• Post Format: The format of your post has a lot of impact on the readability. If you lean toward writing short paragraphs with a good amount of whitespace and images, you can produce a short form or long form content and both can be equally engaging.

6. Don’t expect to get fast results without a proper structure

While marketers may agree that content marketing is a lengthy process and does not get immediate results, at times, it may be the only way to build authority for your business.

To elaborate we are going to discuss the CRM Industry. CRM stands for Customer Relation Management systems.

What is a CRM?

A CRM system gives other teams, such as sales, customer service, business development, or marketing, a better way to manage the external interactions and relationships that drive success. A CRM tool lets you store customer and prospect contact information, identify sales opportunities, record service issues, and manage marketing campaigns, all at a central location. The purpose is to make information about every customer interaction available to anyone in your company who might need it. [Source]

The CRM industry is a crowded and competitive space. CRM is the backbone of any brand’s sales and marketing process.

Giants like Salesforce and SAP are battling it out in the open; and brands like Hubspot, Pipedrive, FreshWorks, and others are being billed as the up and coming CRM platforms.

Yet, the industry is still blooming. How do you then outrank the competition?

Paid advertising and outbound marketing are a costly affair.

We will share a small story about a fairly new SaaS company named Pipedrive that tapped content marketing to not only get noticed but also get lot of conversions.

Pipedrive is a young CRM platform that has been targeting small- to mid-level businesses. It focuses on content marketing efforts to improve its conversion rates.

Pipedrive devised a content strategy around sales management (a highly competitive keyword on Google and in the CRM universe). It took 3 months for it to rank from nothing to the first position on Google.

“Sales management” has a monthly search volume of approximately 10k with a high competitive score.

After a lot of brainstorming and coming out with a well-laid strategy, Pipedrive’s content marketing team could deliver in under 3 months.

So, before you play down content marketing as a strategy, think about Pipedrive—a nascent CRM platform that is now present in 140 countries with 4 offices across the globe.

You can read the complete case study here.

Content marketing might not bring you fast results, but planned execution can bring in massive results in 6 months.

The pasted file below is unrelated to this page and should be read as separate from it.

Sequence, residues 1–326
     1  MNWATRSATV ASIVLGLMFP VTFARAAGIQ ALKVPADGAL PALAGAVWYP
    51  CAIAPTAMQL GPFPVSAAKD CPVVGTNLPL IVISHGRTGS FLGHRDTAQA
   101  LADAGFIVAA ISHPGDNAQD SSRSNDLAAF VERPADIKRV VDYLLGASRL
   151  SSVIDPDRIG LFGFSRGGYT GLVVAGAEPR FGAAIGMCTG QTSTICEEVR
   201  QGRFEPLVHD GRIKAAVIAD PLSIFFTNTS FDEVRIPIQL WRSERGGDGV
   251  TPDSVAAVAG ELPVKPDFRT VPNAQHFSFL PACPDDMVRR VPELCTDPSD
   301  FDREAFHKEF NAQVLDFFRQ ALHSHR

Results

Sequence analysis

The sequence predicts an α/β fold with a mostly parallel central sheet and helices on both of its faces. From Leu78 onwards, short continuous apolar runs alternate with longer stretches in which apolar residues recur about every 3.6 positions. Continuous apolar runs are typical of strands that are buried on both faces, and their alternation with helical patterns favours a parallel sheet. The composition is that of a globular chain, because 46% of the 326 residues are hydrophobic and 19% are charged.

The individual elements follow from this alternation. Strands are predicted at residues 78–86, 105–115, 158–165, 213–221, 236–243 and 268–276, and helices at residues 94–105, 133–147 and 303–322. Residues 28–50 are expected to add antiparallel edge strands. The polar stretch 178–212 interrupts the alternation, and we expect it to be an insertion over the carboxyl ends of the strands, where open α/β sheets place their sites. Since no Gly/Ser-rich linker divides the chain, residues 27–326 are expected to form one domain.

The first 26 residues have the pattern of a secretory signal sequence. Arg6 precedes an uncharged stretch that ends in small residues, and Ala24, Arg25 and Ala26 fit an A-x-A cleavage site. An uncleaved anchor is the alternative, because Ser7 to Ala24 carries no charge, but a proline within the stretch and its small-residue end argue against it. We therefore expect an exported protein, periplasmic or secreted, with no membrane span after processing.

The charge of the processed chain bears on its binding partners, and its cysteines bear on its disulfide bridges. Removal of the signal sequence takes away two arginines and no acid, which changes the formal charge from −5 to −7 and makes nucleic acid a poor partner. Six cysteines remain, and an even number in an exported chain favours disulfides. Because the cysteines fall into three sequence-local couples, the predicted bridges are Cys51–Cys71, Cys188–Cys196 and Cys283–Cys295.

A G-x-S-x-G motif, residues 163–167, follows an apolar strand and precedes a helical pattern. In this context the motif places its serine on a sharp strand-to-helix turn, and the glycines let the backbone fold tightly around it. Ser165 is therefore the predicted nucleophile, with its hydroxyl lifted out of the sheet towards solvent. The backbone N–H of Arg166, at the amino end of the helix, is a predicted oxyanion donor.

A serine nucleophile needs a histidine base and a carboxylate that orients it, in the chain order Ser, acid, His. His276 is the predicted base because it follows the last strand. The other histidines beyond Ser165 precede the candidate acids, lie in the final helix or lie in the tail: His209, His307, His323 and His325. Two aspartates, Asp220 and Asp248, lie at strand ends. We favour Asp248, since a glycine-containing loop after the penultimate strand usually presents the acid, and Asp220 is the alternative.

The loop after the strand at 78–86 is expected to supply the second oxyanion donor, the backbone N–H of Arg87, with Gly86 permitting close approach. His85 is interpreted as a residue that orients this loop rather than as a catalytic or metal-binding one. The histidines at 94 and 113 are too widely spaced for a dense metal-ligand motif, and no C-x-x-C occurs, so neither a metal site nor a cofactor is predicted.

7. Focus on Social Media

Marketers disregard social media as a viable, alternative method to build traffic and drive user engagement.

We were able to identify 2 major reasons for it:

  • Marketers believe that social media is meant only for businesses, which are targeting millennials and tech-savvy consumers.
  • Social media efforts result in wastage of valuable time. Marketers believe that if they can create quality content, search results will automatically bring in customers, en masse.

There are additional points other than the above reasoning.

  1. Almost 2 billion people are using social in one form or another. If you are not leveraging social media, you are losing a huge chunk of the audience.
  2. I’m sure, you’ve heard the phrase, “Putting all your eggs in one basket.” This phrase means banking excessively on just one method for achieving success. In content marketing, while search results bring in a major chunk of your audience, a simple change in the Google algorithm can completely block your traffic. So, there is a need to explore other channels as well to maintain a consistent traffic flow.
  3. You can’t build a relation without interacting with your customers and clients. Social media is one of the best ways to start building one.

8. Don’t Write Content Just around Your Brand

A common habit among marketers is of focusing their content only on their own product or service. To your target audience, this comes off as too promotional, so at times, the audience complains that it’s hard to trust such brands.

This can become a major problem for marketers who are trying to cultivate a meaningful relationship with their audience that benefits both parties.

Then what should you do?

The key purpose of content marketing is to develop a worthwhile relationship with the target audience. The readers should relate to you as a brand that genuinely treats a customer’s problem as its own problem.

Start looking for challenges your audience is facing. Create content that offers effective countermeasures to help overcome those challenges.

When your audience notices that your content is consistently relevant, they will keep coming back for more.

9. Invest in Content Marketing

Many organizations start delving into content marketing because they think the investment is zero or next to zero.

While this concern is true to an extent. You should understand that quality content creation has no importance if it’s not promoted on the right channel at the right time.

Promotion depends on your audience type.

For example, for targeting B2B audience, you may use professional networks like LinkedIn and GrowthHackers as well as public platforms like Twitter by using retargeting and online behavior.

Investing a small amount (a few hundred dollars a month) can help you promote your post to not just a few hundreds, but many thousands.

10. Write for the Web